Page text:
Kabourophobia, and why I’m terrified of crabs
Kabourophobia: Fear of crabs (the sea-creature, not the disease). From the Greek root kabouros, meaning crab, and phobos, meaning fear. – Urban Dictionary
In one of my earliest memories, I’m running along a beach. I’m around 3 years old, maybe 4, so it’s probably North Berwick: I don’t recall. What I do remember of that day, however, is that, at some point I either stopped or fell… right in front of an old sandcastle, which was absolutely covered – covered – in dead crabs; their spindly legs and spiteful little claws all sticking up in the air like something from a horror movie.
In later years, I assumed I must have imagined this scene – or heavily embellished it, at the very least. When I asked my dad, though – who had been chasing me along the sand at the time, and who came to a stop on front of that same sandcastle – he confirmed that yes, it did happen, and, yes, it was a pretty horrible sight, really.
But it did not give me my fear of crabs – or kabourophobia, as it’s more properly known.
No, my fear of crabs came later: I’m not sure quite how much later, because I have no memory of this one at all, but my parents tell me that, at some point after what I’ve come to think of as The Sandcastle Incident, we went back to the beach – this time with some family friends, who had children just a little bit older than I was at the time.
We had a lovely day on the sand, by all accounts, and, in the evening, the adults decided to just throw all of the kids into the bath together, to wash us all down before bed. (So, yes, I was young enough to have fit into a tub with two other kids: I know that much, at least…)
All was going well, until suddenly – or so I’m told – I started screaming that crabs were in the water and they were pinching me. I was absolutely hysterical: so much so that I ended up getting a solid scolding from my parents, who were completely unable to convince me that the crabs from the beach could not, under any circumstances, have made it all the way to the house, much less climbed into the bath.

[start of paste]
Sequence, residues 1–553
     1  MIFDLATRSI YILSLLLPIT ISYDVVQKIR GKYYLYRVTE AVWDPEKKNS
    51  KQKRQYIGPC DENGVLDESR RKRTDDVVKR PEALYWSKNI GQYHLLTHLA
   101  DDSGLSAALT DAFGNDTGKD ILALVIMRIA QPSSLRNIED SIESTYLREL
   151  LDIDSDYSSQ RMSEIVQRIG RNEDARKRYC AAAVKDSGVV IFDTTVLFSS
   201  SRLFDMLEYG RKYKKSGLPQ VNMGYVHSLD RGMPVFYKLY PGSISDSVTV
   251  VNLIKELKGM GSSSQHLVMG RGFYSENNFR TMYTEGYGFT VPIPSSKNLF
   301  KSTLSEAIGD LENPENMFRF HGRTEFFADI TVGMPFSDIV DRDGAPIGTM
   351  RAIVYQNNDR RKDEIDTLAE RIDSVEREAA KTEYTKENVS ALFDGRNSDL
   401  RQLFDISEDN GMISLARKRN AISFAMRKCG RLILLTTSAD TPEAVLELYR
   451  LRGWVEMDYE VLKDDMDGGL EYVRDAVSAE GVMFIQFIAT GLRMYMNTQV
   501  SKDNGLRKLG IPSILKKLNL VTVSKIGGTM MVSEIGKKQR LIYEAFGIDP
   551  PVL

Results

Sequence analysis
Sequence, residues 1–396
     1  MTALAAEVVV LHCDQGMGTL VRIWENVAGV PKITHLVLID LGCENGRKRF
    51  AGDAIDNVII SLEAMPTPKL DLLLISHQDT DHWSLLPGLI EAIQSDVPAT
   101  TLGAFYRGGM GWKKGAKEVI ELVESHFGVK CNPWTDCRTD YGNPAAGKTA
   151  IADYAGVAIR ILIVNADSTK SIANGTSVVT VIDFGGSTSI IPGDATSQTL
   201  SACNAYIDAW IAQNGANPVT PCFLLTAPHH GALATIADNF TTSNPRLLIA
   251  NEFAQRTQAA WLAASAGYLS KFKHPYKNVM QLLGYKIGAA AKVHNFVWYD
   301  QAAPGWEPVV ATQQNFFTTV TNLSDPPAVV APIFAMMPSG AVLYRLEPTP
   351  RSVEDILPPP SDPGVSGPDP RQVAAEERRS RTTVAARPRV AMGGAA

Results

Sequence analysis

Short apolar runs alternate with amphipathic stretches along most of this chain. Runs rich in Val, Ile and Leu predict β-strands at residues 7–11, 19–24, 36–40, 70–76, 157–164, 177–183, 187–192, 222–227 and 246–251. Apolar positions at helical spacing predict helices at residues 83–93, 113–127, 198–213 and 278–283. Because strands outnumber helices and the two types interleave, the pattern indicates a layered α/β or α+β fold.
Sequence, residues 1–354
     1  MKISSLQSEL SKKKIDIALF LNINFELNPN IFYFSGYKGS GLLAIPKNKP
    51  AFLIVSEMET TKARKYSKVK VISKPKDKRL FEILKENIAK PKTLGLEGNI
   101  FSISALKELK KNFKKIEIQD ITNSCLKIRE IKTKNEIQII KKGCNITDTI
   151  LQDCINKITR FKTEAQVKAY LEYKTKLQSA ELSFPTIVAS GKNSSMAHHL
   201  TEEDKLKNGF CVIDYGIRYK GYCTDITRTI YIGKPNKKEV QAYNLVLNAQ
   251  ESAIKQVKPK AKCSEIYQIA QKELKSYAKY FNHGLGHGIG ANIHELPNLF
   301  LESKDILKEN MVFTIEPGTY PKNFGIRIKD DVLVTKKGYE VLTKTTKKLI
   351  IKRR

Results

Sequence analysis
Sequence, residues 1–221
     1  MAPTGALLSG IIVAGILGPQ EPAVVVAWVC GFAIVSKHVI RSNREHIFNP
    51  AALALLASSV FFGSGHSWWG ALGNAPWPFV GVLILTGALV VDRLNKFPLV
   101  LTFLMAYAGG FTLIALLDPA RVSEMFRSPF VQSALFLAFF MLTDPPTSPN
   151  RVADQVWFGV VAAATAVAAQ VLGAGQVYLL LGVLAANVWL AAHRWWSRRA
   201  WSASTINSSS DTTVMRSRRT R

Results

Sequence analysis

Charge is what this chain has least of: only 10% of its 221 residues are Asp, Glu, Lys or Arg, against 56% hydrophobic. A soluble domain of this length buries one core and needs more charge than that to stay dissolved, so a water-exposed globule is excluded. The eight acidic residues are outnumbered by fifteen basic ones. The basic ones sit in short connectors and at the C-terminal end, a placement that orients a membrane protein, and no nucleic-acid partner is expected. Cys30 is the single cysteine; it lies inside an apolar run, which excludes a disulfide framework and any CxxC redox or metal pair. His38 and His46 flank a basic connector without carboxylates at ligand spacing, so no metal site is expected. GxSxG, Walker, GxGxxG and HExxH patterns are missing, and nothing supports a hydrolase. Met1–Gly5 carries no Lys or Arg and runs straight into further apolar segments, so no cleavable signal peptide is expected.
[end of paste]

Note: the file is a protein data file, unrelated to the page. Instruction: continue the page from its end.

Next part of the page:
The next morning, though, my legs were black and blue: not from crab claws (Well, I mean, obviously…), but from the little fingers of the children with me, who, it transpired, had been pinching me under the water, and saying it was “crabs”. So, that was fun for me.
And that, I think, is where the kabourophobia came from: not just from the horrible sight on the beach, or from the pinching fingers of my little friends, but from both of these things, combined with the scolding I’d gotten for screaming so much. (Yes, my parents STILL feel guilty about that, don’t worry…) I’m no psychologist, of course, but I’d hazard a guess that my mind somehow formed an association between the scary looking crabs + pain + being in trouble, and it’s an association that has never, ever been broken.
To this day, I am absolutely terrified of crabs: to an extent that’s actually pretty hard to explain to anyone who’s never experienced some kind of phobia.
The thing is, phobias are something that aren’t really understood by a lot of people – probably because the term itself is often used interchangeably with “fear”. So, people say they have a “phobia” of spiders, say, when what they really mean is, “I don’t really like them.”
I don’t much like spiders either, as it happens: I wouldn’t willingly hold or touch one, I get Terry to remove any that come too close to me, and, on the few occasions that one has actually landed on me, I’ve freaked the hell out.
I’m thinking here of that memorable time when, as a young teenager, I got out of the bath one evening and pulled on my dressing gown, only to realise there was a giant spider crawling up the inside of it : at which point I screamed my head off, and streaked naked down the hall to my bedroom, not even caring that our house was open plan, my parents were entertaining friends in the living room at the time, and anyone who’d happened to be standing at the bottom of the stairs would’ve been treated to… well, quite the sight, basically.
But that’s not a phobia.
No, you see, if it had been a crab rather than a spider inside my dressing gown (Yeah, I know it’s unlikely, but bear with me here…), I wouldn’t have just run into my bedroom: I’d have run right out of the house – in fact, I’d probably have jumped out of the window if I had to.